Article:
10 THE YOUNG WALL STREET JO}fAH. your stock. My customer will pay a point above the market price, which at present is 39." "Oh, he will," grinned the old man. "What's his name?" "I'm not at liberty to mention his name." "Well, you can't do any businees with me, leastways under 42, and I ain't sure I'll sell at that." "The stock isn't worth 42," said Nat. "It's worth that to me." "Wouldn't you take 41 ?" "No, I wouldn't." Nat saw he had a hard proposition to handle, and rather doubted the success of his mission. He offered 41!, but the old man wouldn t listen to it. Finally he agreed to pay 42 for the shares "I tho1ight you'd coine to it," chuckl o d Brett; "but since you've raised your figures I'll raise mine. You cau have the stock at"1:3." "No," replied Nat "l am not authorized to go a cent above 42." "Well, then, it's no sale." "All right," said the young broker. "I'm sorry we can't come to terms; but 42 is absolutely my limit." "P'haps you'll give 42f," said Brett, eying the hoy a moment or two. "If I were buying it for myself, and wanted it bad enough I might close with you; but as I'm acting for another, under his instructions, I cannot offer you more than he's willing to give." "Did you bring the money to pay for the stoclf?" "I brought a check." "I wouldn t take a check." "It's certified by the paying teller of the Manhattan Na tional Bank, that makes it as good as cash, for the bank guarantees payment." "That's different. Let me see the check." Nat showed it to him The old man first scanned the signature and then re ''This is only good for $40,000," he said "I know it. I have $2,000 in cash in my pocket to add to it. "Well, you can have the shares, though I think I'm a fool for selling at le 'ss than 43." "How can you be? Yo u are getting $3,000 more than the market price "I know it; but tlie price might rise higher than 42 in a day or two.'' "It might .and again it might not. It's all a l ottery, the market is. The stock closed to-day at 39. Well, if you want to make $3,000 easy and still have 1,000 shares of Westchester Traction, all you need do is to hand me your shares and this check and the $2,000 cash. 'l'hen in the morning go straight to Wall Street and buy 1,000 ehare!J of Westchester Traction at 39; if you can get it.'1 "That's so. I didn't think of that. It's a goocl idea, but I don t want any more stock. I want the money. I'll g e t you the certificate, and that will let me out of the stock business for good." The old man got up and walked slowly out of the room into an adjacent one. Presently he returned with a cerflficate o.f stock in his hands. Nat handed him the check and the $2,000 in money. The old man turned the two $1,000 bills over in his fingers, looking at them carefufly. "Here, what's this?" he exclaimed "This one has been torn in two and stuck together with red paper." "That doesn't hurt it any," replied Nat, observing the way the note had been repaired. "It's good, and will pass as easily as a new one." "Maybe so--maybe so," said the olO. man; "but I don t like it. That mark looks lik e blo9d, and I hate blood. It's shaped like a coffin, too. Ugh!" "You'll have to accept it, ::is I haven't another to ex change for it. You can put it in your ban.le to-morrow The bank will take it and probably send it to Washington to be redeemed for a new one," said Nat, who thought noth ing of the coffin-shaped strip of deep red paper that held the two pieces of the note ,together. The old man kept looking at it as if he didn't like it and didn't want to take it as parl payment for the certificate "I'll take it if you promise to bring me a brand new one to-mo rrow, and take this one away," he said reluc tantly. "I don't want a bill like that in the house." "I will if you insist, but what's the use? You'll have to deposit that check _for collection in your bank, and you can deposit both notes with it. Why should you keep them abol,lt the house? They're too large to be readily changed, and a thief might get in here and rob you of them. It's foolish to take any chances when there is no n ee d of it." "I will do as you say," replied Mr. Brett. "I will put the check and the two notes in my safe till the morning and then I'll deposit them in the bank where I have a small account, but I don't like banks. They fail and then you lose most of your mon ey Will you write down the numbers of these notes for me?" "C&rtainly," replied Nat, proceeding to do so. "Now write down the number of the torn note again and take it with you. If the bank should refuse it I will call on you for another." Nat wrote the number in his memorandu,m book. "Now notice how it is repaired so there wi11 be no mis take about it if I have to return it to you. See, there is a stencil mark across the red paper. What does it say?" "Washington Trust Co.," replied Nat, looking at the stenci l closely. "The same stencil is on the other hill, too. That proves how good both are." The young broker took his receipt for the money put tlie certificate in his pocket, wished the old man good even ing, for it was now dark, and was shown out of the gate by the sour-looking old woman. CHAPTER V. WAS NAT THE OLD MAN'S JONAH? "Thank goodness the Jonah hoodoo hasn't worked in this case, or I'd have made a failure of my mission, the n :j:'d have lost $125 commission," thought Nat, as he walk e d toward the station "I've bee n' a Jonah to Mr. Merwin White, however If he suspected that I am handicapped by an unlucky streak he wouldn't have anything more to do with me. He's bound to make money out of Idaho Copper,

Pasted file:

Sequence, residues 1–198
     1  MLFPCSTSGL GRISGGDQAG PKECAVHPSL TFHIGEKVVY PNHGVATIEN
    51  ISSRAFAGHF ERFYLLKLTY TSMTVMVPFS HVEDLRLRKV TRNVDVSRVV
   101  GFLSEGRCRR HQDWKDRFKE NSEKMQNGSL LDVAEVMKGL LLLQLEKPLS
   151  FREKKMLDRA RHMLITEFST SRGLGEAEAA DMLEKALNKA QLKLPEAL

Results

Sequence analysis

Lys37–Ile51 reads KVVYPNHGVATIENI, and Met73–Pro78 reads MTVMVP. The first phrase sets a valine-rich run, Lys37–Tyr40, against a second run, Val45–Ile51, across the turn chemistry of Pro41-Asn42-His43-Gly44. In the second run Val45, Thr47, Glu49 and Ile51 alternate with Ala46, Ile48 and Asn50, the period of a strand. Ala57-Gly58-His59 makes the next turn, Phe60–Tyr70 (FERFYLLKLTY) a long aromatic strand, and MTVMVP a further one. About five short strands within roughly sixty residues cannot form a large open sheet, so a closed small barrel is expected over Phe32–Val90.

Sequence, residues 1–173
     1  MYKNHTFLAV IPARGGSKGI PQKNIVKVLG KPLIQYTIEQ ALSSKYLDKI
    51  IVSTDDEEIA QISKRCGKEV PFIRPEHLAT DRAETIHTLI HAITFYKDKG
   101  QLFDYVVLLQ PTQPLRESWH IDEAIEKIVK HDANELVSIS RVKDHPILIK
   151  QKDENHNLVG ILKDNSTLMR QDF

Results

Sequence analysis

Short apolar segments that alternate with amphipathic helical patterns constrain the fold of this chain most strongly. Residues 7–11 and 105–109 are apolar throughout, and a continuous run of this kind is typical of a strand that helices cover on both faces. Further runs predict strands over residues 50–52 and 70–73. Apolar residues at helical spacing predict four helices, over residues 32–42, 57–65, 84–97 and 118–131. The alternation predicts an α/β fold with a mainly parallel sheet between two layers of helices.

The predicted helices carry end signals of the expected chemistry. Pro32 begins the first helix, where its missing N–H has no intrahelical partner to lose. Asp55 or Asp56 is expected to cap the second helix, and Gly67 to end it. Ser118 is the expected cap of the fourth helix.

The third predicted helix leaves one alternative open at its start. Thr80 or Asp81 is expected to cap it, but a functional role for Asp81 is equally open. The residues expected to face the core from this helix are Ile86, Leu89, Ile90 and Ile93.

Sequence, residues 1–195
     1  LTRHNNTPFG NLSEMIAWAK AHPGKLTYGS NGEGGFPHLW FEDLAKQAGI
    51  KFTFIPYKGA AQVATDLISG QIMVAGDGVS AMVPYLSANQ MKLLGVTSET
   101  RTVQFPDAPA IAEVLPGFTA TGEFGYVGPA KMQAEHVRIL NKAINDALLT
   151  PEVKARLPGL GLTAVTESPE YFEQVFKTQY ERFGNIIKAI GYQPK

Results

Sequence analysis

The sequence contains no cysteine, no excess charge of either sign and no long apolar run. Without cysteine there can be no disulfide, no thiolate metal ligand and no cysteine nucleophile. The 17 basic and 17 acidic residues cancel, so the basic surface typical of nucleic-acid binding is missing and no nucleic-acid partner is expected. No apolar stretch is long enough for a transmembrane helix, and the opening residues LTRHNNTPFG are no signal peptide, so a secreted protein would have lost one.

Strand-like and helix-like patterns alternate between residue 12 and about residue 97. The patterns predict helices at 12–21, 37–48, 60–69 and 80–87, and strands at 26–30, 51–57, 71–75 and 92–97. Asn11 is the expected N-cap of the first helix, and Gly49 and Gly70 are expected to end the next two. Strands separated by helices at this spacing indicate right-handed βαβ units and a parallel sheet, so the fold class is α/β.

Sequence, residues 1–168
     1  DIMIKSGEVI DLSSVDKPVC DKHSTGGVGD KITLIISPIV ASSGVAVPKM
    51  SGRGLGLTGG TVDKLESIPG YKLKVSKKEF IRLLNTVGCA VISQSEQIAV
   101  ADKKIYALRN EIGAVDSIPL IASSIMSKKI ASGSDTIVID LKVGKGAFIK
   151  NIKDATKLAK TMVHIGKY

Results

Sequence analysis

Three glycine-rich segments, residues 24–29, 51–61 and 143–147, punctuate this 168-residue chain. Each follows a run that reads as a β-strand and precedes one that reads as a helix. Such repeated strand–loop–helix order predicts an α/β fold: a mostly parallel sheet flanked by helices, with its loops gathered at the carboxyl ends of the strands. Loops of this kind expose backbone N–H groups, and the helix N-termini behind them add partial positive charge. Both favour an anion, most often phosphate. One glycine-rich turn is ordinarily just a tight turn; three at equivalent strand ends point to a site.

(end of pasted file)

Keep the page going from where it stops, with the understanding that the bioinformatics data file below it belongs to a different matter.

THE YOUNG WALL STREE'l' JONAH. 11 though, or all signs go for nothing. I'd rather see him mak e it than make it myself as things have turned out, for he's a nice man, the very opposite of his rascally twin brother. I'm glad I know how to identify Mr. Alfred now. He won't be able to work any more crooked games on me after this. He'll see his finish some day in spite. of his brother's regard for him. If he's in with a crook, as seems evident, it will only be a question of time when he'll be caught and sent up the river." Dinner was nearly over when Nat reached home, but he got some, explaining to his father and mother the business which had detained him. "I suppose you don't know who Greene is buying West chester Traction for?" asked his father. "No, sir." "It mu st be pretty scarce when the purchaser was willing to pay three points above the market for it. There's some-thing in the win(i." "I wouldn't be "I remember now I saw in the paper some time ago a paragraph w.hich stated that a number of big stockholders were dissatisfied with the management of the road. They may have met together, formed a coalition to try and secure a majority of the shares for the purpose of ousting those at present on the inside at the annual meeting which comes off next month," said Nye, Sr. "I dare say you're right, sir. The opposition faction of a railroad is always ready to pay a good price for stock to complete the amount they want." That closed the discussion, and Mr. Nye soon after went to his club. Next morning when Nat came down to breakfast he picked up the moming paper to look over the general news. On the first page, under a oig scare heading, was the account of a murder committed the previous night in the Bronx. Nat didn't take much interest in murders. They were pretty frequent, in one form or another, in New York and vicinity. He merely intended to glance over the heading and get a general idea of the crime without going into the particulars. He had read put a few words before he came to the name of the victim. He gave a gasp, for it was Abel Brett, the old man he had called on the previous afternoon, and purchased the certifi cate of Westchester Traction stock from. "Good gracious!" he exclaimed. "What was that poor old fellow killed for?" According to the facts obtained by the reporters Abel Brett lived in the old Waite Revolutionary mansion with his housekeeper, Mrs. Bunn, a woman of sixty, as his only companion. About midnight the old woman was awakened by a noise at the window of her room. Sitting up in her bed she saw that t1ie lower sash had been raised and a big masked man was in the act of step ping into her chamber, while a second man, also masked, was behind him awaiting his turn. She tried to scream, but terror deprived her of the power to do so. The big man flasb,ed a dark lantern on her, and seeing that she was awake he drew a revolver and advancing to th e bed threatened to shoot her if she made a sound. She said the moon was shining brightly at the time and she saw the figures of both men plainly. As the second man got in his mask fell off and she saw his face, which she declared she would know again under The men bound and gagged her, and then left her half dead with fright. In a short time she heard a cry from Mr. Brett's room, and this was followed by thei muffied report of a revolver. She heard nothing more for some time, and then the sound that reached her was the banging of the front door. Believing the men had gone away she struggled to release herself aRd fortunately succeeded. The first thing she did was to rush to Mr. Brett's room. He was not there. Then she went into the adjoining apartment where his desk and safe were. There she found her master stone dead on the floor with a bullet wound in his heart. T _he safe, which was merely a strong box without a com bination lock, was open and a bunch of keys belonging to the old man hanging in the lock. It had been rifled of everything valuable. She immediately rushed to the telephone in the room and notified the police When subsequently questioned by a detective she could throw no light on what the safe ha.d contained, as her master had never confided his private affairs to her. She did not believe he had much money in the house, as more than once he had given her to understand that he was short of funds. She believed, that he had bonds and other securities from which he realized a moderate income. If this part Qf her statement was true the burglars and murderers had carried them off, for nothing of value was found in the safe. r',. She was able to furnish the police with a pretty accurate description of the rascals which was not given out for publication and the detectives believed they would be able to round the men up before long. That was the story and Nat was greatly interested in it. "I guess I can give the police a pointer that ought to be of great advantage to them. I can tell them that the old man had at least two $1,000 bank notes in his safe, one of which, the repaired one, t l can fully describe, even d?wn to its number, which the old man's forethought supplied me with. He also had a certified check for $40,000. This will be of no use whatever to the rascals, as I will see that its payment is immediately stopped. The scoundrels will lose no time in trying to change the big notes, so some action ought to be taken at once to head them off. I will drop in at Police Headquarters on my way down town and tell what I know," and Nat began to eat his breakfast hurried ly. When his father and mother came to the table Nat handed the former the newspaper with the remark : "Another murder, this time in the ; Bronx, dad." "Indeed," replied Nye, Sr. "They are altogether too frequent considering we are supposed to have the finest police force in the world."